More than most other “Western” countries, Australia seizes the imagination. For most visitors its name is a shorthand for an endless summer where the living is easy; a place where the adventures are as vast as the horizons and the jokes flow as freely as the beer; a country of can-do spirit and easy friendliness. No wonder Australians call theirs the Lucky Country.
Every aspect of Australian life and culture, whether its matey attitudes or its truly great outdoors, is a product of its scale and population – or lack of it. In size, it rivals the USA, yet its population is just over 22 million, leading to one of the lowest country population densities on Earth. The energy of its contemporary culture is in contrast to a landscape that is ancient and often looks it: much of central and western Australia – the bulk of the country – is overwhelmingly arid and flat. In contrast, its cities, most founded as recently as the mid-nineteenth century, burst with a vibrant, youthful energy.
The most iconic scenery is the Outback, the vast fabled desert that spreads west of the Great Dividing Range into the country’s epic interior. Here, vivid blue skies, cinnamon-red earth, deserted gorges and geological features as bizarre as the wildlife comprise a unique ecology, one that has played host to the oldest surviving human culture for up to 70,000 years (just 10,000 years after Homo sapiens is thought to have emerged from Africa).
This harsh interior has forced modern Australia to become a coastal country. Most of the population lives within 20km of the ocean, occupying a suburban, southeastern arc that extends from southern Queensland to Adelaide. These urban Australians celebrate the typical New World values of material self-improvement through hard work and hard play, with an easy-going vitality that visitors, especially Europeans, often find refreshingly hedonistic. A sunny climate also contributes to this exuberance, with an outdoor life in which a thriving beach culture and the congenial backyard “barbie” are central.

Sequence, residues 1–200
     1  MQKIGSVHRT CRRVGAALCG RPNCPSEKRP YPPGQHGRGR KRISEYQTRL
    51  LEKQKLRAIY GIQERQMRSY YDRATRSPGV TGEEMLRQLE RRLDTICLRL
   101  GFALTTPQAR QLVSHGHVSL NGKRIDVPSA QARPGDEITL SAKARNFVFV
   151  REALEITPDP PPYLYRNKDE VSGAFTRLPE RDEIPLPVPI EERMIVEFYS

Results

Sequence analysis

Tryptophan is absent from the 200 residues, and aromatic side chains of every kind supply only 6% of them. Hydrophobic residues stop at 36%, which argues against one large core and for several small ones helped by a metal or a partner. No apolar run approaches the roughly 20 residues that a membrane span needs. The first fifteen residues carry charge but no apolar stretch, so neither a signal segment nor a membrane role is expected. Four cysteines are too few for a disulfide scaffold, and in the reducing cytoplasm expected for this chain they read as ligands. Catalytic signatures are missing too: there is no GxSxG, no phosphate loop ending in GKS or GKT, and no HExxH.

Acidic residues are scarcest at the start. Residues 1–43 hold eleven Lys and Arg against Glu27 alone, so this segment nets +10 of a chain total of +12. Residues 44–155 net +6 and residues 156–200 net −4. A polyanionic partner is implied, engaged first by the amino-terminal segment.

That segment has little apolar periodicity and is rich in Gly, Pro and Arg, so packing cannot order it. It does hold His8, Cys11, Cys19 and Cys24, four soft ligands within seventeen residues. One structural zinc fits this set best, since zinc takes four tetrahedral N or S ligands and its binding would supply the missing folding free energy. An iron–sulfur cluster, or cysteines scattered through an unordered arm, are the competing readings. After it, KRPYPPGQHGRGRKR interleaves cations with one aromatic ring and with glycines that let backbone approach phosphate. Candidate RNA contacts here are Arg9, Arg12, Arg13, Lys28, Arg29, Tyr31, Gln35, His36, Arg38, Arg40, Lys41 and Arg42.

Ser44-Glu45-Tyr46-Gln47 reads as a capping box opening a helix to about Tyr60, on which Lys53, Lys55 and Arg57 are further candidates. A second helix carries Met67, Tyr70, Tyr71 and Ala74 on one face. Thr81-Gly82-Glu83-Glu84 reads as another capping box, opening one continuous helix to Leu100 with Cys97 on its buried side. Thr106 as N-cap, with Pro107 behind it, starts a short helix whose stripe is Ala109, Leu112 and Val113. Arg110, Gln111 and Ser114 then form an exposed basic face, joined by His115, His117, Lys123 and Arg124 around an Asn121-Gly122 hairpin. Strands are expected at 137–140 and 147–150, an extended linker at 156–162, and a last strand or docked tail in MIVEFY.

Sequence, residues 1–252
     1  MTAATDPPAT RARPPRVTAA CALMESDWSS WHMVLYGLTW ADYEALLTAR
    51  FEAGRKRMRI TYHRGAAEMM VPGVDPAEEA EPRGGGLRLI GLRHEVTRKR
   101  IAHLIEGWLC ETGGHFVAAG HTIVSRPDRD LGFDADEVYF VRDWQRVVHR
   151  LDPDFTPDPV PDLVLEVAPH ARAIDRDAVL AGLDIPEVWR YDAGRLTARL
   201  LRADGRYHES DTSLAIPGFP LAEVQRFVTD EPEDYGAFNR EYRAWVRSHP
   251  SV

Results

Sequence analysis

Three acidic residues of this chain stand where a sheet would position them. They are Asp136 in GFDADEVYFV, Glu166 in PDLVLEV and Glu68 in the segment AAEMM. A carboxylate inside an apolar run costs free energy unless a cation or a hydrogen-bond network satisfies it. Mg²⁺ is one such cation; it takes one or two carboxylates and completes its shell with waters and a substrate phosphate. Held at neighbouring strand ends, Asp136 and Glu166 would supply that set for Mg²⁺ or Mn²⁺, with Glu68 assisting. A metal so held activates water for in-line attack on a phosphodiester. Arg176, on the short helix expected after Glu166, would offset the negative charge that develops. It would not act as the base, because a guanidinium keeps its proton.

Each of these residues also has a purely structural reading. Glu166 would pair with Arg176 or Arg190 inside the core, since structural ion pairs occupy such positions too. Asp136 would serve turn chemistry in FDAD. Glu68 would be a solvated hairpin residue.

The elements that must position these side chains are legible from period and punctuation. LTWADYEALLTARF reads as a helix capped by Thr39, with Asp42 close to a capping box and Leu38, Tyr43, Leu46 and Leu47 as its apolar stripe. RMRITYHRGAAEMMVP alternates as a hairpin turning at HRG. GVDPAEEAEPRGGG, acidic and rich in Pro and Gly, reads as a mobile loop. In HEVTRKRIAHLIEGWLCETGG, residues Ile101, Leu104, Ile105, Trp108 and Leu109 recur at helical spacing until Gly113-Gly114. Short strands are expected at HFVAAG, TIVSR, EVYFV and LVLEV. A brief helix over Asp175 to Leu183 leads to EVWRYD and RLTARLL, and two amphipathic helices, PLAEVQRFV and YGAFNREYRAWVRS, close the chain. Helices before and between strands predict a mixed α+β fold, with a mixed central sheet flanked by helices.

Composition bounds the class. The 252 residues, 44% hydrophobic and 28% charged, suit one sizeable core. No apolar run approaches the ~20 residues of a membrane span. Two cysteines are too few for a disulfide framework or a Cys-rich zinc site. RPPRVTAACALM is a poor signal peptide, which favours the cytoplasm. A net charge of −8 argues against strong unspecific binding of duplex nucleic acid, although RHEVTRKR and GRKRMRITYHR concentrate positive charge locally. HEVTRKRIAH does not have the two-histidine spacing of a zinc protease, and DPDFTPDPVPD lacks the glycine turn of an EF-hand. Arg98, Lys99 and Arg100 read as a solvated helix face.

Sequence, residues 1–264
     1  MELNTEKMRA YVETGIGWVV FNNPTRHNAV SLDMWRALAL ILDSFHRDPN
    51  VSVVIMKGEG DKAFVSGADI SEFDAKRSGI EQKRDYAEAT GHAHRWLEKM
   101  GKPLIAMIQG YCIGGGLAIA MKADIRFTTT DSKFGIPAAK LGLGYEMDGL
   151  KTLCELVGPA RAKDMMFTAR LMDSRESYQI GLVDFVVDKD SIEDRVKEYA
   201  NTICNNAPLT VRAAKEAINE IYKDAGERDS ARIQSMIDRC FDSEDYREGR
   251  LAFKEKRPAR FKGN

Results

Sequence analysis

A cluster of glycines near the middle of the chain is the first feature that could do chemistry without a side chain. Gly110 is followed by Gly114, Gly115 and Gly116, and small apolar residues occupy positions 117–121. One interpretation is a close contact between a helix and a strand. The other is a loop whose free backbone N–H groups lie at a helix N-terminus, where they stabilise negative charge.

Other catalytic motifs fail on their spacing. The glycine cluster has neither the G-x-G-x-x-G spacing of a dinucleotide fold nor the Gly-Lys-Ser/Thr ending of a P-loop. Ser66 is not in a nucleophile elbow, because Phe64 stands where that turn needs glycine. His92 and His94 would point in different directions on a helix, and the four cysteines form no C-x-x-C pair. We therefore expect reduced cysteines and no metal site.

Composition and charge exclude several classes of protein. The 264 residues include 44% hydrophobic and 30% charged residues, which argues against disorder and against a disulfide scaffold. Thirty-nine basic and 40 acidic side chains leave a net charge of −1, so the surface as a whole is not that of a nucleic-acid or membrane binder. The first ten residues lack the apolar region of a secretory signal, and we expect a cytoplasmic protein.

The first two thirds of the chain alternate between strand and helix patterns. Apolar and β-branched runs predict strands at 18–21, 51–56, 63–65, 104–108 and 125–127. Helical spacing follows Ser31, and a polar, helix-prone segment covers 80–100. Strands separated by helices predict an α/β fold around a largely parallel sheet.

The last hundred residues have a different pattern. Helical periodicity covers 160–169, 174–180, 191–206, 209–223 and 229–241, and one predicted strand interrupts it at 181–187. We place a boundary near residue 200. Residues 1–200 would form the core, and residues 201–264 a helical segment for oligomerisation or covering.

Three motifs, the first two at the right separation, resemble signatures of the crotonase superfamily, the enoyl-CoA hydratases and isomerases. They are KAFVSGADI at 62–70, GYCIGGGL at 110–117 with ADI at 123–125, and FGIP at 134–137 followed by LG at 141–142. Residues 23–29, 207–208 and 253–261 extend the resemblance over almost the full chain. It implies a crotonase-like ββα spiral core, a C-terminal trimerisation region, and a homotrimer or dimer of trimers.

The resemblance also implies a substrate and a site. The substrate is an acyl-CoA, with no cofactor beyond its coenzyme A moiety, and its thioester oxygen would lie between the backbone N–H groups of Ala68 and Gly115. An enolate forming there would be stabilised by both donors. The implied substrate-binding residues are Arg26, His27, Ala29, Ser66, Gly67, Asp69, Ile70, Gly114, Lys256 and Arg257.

Although visitors might eventually find this low-key, suburban lifestyle rather prosaic, there are opportunities – particularly in the Northern Territory – to experience Australia’s indigenous peoples and their culture through visiting ancient art sites, taking tours and, less easily, making personal contact. Many Aboriginal people – especially in central Australia – have managed to maintain a traditional lifestyle (albeit with modern amenities), speaking their own languages and living by their own laws. Conversely, most Aboriginal people you’ll come across in country towns and cities are victims of what is scathingly referred to as “welfare colonialism” – a disempowering consequence of dole cheques and other subsidies combined with little chance of meaningful employment, often resulting in a destructive cycle of poverty, ill health and substance abuse. There’s still a long way to go before black and white people in Australia can exist on genuinely equal terms.Read More